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    It's not that I don't know how to write a canon, a canon is the simplest form of counterpoint there is, just 1 melodic line being repeated at a delay of x measures. Nothing is implied about it having to be harmonious at every beat, it's really just a single melody in multiple lines delayed by some number of measures(which could be a fraction as in my case) or modified in a way(retrograde, inversion, or retrograde inversion). It's just that with a strict canon where you can't modify the note durations at all, just timing, pitch, and intervals, it is hard to acheive beautiful harmony outside of octave and unison intervals and this is not what I'm going for but rather something that sounds like major and minor chords in 3 voices while still being a strict canon.
    Last edited by caters; Jan-20-2019 at 18:22.

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    Senior Member EdwardBast's Avatar
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    Quote Originally Posted by caters View Post
    It's not that I don't know how to write a canon, a canon is the simplest form of counterpoint there is, just 1 melodic line being repeated at a delay of x measures. Nothing is implied about it having to be harmonious at every beat, it's really just a single melody in multiple lines delayed by some number of measures(which could be a fraction as in my case) or modified in a way(retrograde, inversion, or retrograde inversion). It's just that with a strict canon where you can't modify the note durations at all, just timing, pitch, and intervals, it is hard to achieve beautiful harmony outside of octave and unison intervals and this is not what I'm going for but rather something that sounds like major and minor chords in 3 voices while still being a strict canon.
    Taking the bold portions above in order:

    No one who has composed canons would ever say it's the simplest form of counterpoint. It is extremely difficult, because …

    Canons in a tonal style must follow the same laws of voice-leading and dissonance treatment as any other counterpoint, with the additional constraint of exact imitation.

    This is a fantasy. See ^ ^ ^. Three voice canons of any kind that are worth hearing are tremendously difficult.
    Last edited by EdwardBast; Jan-20-2019 at 20:06.

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    Senior Member Torkelburger's Avatar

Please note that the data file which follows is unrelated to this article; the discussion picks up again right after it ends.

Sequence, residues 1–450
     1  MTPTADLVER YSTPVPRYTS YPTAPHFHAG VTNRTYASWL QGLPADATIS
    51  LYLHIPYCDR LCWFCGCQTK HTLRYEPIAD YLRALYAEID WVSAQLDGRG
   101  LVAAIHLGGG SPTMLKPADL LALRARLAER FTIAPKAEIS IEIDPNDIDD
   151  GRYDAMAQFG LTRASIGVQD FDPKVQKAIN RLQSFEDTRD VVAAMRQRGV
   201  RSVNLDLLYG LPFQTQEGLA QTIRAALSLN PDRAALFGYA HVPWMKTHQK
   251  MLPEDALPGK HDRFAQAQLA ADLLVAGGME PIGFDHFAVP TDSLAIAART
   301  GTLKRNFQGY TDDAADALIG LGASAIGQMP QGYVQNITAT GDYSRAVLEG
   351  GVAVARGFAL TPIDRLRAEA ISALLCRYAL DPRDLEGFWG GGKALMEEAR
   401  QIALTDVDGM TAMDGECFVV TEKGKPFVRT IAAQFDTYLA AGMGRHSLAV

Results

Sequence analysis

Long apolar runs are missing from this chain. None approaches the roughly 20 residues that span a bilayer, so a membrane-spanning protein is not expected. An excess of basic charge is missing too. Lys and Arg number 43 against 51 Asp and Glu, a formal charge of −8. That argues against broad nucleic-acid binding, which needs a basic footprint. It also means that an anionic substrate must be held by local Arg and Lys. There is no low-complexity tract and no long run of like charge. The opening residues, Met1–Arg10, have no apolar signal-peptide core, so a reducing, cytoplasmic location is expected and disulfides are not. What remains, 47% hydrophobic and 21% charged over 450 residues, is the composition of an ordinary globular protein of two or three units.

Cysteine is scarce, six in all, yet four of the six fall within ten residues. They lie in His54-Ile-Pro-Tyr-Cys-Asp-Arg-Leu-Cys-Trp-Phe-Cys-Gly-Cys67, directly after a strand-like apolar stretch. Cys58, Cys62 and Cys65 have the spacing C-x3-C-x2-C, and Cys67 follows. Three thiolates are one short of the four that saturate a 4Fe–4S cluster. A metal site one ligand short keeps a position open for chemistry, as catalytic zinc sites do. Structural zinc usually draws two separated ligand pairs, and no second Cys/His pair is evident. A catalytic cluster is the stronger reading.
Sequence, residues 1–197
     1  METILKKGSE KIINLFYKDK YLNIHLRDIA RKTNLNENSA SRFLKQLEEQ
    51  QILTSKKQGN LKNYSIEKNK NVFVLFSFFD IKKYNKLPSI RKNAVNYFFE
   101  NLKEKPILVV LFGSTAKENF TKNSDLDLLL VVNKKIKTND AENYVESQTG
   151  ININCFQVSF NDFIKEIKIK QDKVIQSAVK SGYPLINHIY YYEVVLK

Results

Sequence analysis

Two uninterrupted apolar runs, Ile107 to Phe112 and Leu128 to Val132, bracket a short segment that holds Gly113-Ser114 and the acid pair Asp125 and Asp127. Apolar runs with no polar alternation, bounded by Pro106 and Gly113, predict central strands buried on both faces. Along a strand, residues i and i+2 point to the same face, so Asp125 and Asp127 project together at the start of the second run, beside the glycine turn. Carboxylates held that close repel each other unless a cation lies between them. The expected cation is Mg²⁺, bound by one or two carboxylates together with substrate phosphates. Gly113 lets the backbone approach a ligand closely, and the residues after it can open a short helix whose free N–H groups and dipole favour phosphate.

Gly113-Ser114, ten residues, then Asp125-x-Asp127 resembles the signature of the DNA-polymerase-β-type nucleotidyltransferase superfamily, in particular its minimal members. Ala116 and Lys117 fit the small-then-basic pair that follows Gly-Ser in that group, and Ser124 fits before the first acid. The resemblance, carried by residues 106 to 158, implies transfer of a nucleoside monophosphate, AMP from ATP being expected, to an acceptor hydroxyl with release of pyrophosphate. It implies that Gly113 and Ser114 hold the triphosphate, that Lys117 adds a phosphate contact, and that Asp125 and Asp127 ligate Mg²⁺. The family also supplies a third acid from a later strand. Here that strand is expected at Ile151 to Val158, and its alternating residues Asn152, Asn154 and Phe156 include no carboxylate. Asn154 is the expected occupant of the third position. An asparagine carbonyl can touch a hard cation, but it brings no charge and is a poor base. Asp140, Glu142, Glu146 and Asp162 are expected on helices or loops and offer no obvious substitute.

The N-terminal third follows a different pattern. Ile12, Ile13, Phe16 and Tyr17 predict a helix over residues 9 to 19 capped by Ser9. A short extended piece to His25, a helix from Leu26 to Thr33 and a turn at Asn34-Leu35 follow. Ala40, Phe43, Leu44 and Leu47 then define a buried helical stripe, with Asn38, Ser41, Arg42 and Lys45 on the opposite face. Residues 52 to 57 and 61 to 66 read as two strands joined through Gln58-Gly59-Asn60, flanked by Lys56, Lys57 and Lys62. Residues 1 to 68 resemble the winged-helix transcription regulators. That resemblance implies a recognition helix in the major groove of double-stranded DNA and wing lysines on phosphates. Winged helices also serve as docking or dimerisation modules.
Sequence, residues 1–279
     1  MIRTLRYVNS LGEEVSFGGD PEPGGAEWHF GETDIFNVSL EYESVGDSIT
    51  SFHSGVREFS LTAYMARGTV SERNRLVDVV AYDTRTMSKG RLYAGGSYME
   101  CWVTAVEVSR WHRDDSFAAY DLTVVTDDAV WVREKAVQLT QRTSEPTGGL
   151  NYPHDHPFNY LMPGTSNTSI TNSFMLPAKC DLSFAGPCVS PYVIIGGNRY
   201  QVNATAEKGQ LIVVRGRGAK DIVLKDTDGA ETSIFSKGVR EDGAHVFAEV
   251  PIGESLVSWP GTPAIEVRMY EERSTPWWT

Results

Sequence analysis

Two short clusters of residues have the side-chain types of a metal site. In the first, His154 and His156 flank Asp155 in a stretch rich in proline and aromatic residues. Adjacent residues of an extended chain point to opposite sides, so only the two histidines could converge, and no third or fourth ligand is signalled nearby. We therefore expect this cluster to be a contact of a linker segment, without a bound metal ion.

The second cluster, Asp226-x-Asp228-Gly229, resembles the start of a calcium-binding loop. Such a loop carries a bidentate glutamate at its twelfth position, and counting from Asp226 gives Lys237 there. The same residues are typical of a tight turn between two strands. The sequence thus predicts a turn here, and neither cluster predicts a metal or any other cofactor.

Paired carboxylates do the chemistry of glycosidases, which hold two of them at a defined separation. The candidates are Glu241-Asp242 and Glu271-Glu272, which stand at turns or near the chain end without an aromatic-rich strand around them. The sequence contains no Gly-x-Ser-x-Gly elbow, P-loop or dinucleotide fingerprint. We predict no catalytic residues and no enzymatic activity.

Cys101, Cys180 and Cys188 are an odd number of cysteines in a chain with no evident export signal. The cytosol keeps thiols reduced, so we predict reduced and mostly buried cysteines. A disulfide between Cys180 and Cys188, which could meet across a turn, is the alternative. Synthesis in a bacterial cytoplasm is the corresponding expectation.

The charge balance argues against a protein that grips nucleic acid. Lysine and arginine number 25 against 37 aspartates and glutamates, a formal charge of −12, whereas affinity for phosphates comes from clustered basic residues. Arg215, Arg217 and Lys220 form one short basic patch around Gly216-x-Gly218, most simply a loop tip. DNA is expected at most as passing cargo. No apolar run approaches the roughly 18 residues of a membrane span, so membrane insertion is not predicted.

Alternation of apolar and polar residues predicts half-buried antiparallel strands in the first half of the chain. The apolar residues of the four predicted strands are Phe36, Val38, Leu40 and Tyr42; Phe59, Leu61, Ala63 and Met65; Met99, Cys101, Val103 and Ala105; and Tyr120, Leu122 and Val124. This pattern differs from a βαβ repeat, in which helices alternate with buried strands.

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    Quote Originally Posted by caters View Post
    It's not that I don't know how to write a canon, a canon is the simplest form of counterpoint there is, just 1 melodic line being repeated at a delay of x measures. Nothing is implied about it having to be harmonious at every beat, it's really just a single melody in multiple lines delayed by some number of measures(which could be a fraction as in my case) or modified in a way(retrograde, inversion, or retrograde inversion). It's just that with a strict canon where you can't modify the note durations at all, just timing, pitch, and intervals, it is hard to acheive beautiful harmony outside of octave and unison intervals and this is not what I'm going for but rather something that sounds like major and minor chords in 3 voices while still being a strict canon.
    You do not understand how to write a canon. You are confused by the final result, which is “1 melodic line being repeated at a delay of x measures”. But that is not how a canon is written. If you were writing an 8-bar canon, you would not write 1 eight-bar melody in its entirety and then see which delay of x measures sounds best with it. That’s not how you do it.

    You decide on how long the canon is, say 8 bars. Then you decide at what number of measures it will be delayed, say 1 bar. Then you decide at what interval the imitating voice will be transposed at, say a sixth.

    Say the lead voice is voice A, and the imitating voice is voice B.

    1. Write voice A bar 1 only.
    2. Copy bar 1 voice A into voice B bar 2 but transposed down a sixth diatonically.
    3. Write counterpoint in voice A bar 2 only. Follow all rules of good voice-leading, dissonance treatment, and counterpoint.
    4. Copy bar 2 voice A into voice B bar 3 (but transposed).
    5. Write counterpoint in voice A bar 3 only.
    6. Copy bar 3 voice A into voice B bar 4.
    Continue this pattern until you are done. You should have no problem with the whole thing being harmonious and “achieving beautiful harmony” while being in strict canon.